Erdogan stated in remarks that were broadcast on Sunday, "The other day our foreign ministry summoned all of them and gave the necessary ultimatum, told them 'You will pay for this heavily if you keep this up.'" This is despite the fact that Turkish police on Saturday detained 15 ISIS-affiliated militants for planning attacks on churches and synagogues in Istanbul, as well as the city's Swedish and Dutch consulates.
Amid growing protest over the Netanyahu government's planned judicial reforms, President Isaac Herzog Sunday pleaded with the government to "stop the whole process for a moment, take a deep breath, allow dialogue to take place, because there is a huge majority of the nation that wants dialogue." Large demonstrations against the reforms have been organized in Israel's major cities every Saturday night for the past five weeks.
Opposition rhetoric against the reforms is growing more incendiary. Opposition leader Yair Lapid said during a protest last Saturday in Haifa, "We fight here in the streets, we fight in the Knesset, we fight in the courts. We will save our country because we will not live in an undemocratic country." Former Labor Party Prime Minister Ehud Barak lambasted President Herzog for not forcefully condemning the government's judicial agenda and tweeted a since-deleted picture with Herzog's face superimposed on Neville Chamberlain's body, accusing Israel's president of appeasing Netanyahu's government like Chamberlain appeased the Nazis during the 1938 Munich Conference.
Justice Minister Yariv Levin on Sunday, however, informed Channel 13 that the government will not delay the reforms "even for a minute." The reforms include enabling the Knesset to override Supreme Court judicial review with a simple parliamentary majority, changing the process for appointing Supreme Court justices, and making Attorney-General opinions about pending legislation's legality non-binding.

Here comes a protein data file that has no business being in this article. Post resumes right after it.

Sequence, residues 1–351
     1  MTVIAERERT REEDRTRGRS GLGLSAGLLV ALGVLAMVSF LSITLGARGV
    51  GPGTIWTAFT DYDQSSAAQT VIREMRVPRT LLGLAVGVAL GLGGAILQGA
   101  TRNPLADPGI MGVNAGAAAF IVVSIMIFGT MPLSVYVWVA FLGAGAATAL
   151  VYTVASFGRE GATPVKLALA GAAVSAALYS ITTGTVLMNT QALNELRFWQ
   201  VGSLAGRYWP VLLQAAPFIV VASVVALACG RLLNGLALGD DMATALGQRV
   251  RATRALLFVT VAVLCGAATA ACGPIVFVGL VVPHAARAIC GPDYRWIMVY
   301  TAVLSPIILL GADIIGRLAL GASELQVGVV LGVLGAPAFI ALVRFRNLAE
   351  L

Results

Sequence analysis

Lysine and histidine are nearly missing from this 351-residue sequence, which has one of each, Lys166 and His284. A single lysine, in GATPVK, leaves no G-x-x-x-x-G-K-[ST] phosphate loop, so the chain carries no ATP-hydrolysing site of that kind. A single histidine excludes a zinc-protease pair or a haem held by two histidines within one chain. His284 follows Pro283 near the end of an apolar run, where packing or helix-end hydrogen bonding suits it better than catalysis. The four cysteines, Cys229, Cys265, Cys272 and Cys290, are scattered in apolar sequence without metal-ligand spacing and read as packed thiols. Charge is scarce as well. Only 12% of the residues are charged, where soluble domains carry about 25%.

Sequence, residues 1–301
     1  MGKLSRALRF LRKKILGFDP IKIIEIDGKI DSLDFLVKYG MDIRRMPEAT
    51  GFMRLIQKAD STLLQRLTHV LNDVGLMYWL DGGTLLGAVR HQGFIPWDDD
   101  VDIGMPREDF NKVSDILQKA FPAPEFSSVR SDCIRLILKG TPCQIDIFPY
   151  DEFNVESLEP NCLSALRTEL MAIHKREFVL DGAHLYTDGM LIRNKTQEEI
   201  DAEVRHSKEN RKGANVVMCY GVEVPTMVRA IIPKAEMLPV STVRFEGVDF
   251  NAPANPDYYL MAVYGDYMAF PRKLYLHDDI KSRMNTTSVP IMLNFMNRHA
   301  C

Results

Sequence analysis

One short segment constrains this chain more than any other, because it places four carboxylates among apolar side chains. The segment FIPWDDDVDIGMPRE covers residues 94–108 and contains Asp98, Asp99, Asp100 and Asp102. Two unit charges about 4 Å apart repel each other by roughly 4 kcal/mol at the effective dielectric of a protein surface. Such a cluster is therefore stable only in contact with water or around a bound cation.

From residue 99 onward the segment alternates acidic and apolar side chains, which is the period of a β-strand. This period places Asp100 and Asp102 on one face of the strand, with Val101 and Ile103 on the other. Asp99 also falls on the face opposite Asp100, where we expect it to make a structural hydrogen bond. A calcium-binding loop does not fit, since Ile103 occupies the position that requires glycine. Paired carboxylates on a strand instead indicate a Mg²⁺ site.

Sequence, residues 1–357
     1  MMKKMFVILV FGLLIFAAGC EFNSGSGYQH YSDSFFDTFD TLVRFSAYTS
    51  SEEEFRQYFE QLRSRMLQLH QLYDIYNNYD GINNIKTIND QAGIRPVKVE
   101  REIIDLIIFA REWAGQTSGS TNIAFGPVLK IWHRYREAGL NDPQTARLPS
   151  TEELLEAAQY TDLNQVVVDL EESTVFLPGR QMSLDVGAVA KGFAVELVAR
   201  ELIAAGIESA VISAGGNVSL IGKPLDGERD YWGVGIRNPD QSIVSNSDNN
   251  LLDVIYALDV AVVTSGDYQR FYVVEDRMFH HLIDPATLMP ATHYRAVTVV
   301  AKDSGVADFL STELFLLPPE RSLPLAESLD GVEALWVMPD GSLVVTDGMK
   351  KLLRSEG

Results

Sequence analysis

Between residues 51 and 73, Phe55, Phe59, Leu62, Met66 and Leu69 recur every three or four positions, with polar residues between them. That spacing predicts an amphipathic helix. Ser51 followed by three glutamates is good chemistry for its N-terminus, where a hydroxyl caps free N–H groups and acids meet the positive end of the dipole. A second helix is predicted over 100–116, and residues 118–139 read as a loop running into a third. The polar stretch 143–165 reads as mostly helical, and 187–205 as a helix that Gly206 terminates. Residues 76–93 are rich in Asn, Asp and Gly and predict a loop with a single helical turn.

Beirut Port Blast Investigation
Judge Tarek Bitar, head of the investigation into the April 2020 Beirut port explosion, postponed all interrogations scheduled for February due to insufficient cooperation from State Prosecutor Ghassan Oueidat. Last week Bitar tasked his clerk with preparing warrants for former Prime Minister Hassan Diab, General Security Chief Maj. Gen. Abbas Ibrahim, State Security Head Maj. Gen. Tony Saliba, and Ghassan Oueidat. Oueidat responded by imposing a travel ban on Bitar and filing lawsuits against him.
Bitar only resumed the investigation in January after a 13-month hiatus due to obstructionism from Lebanese politicians and the judiciary. The Court of Cassation fired Bitar's predecessor last year after two former ministers he charged with criminal negligence demanded his removal.
Former Election Board President Barred From Traveling Abroad
Tunisian authorities barred Nebil Baffoun, former president of the country's Independent High Authority for Elections (ISIE), from traveling abroad. On the pretext that the occupation given on his passport is not current, officials on Saturday prevented Baffoun from traveling to Mauritania, where he was invited to participate in an electoral mission.
President Kais Saied replaced most ISIE members, including Baffoun, in April 2022. Baffoun argued at the time that Saied's move undermined ISIE's independence. Supported by the military, Saied aborted Tunisia's decade-long democratic experiment in 2021, assuming dictatorial powers and unilaterally abolishing the 2014 Constitution. He purged ISIE before appointing a committee in May 2022 to draft a new constitution concentrating power in presidential hands and holding a July 2022 referendum on the new constitution.
Asian Oil Exports
In anticipation of rising Chinese demand, Saudi Aramco on Monday unexpectedly increased the price of its Arab Light grade to Asia for March loadings to $2 per barrel—an increase of $0.20. This comes after a cut of $1.45 per barrel in February. The announcement coincides with Hong Kong Chief Executive John Lee's visit to Riyadh, where he met Aramco's president and CEO Amin Nasser at a technology conference. South China Morning Post reported that, during the visit, "Hong Kong and Saudi Arabia... signed six bilateral agreements designed to forge closer ties between their stock exchanges, business associations and technology firms."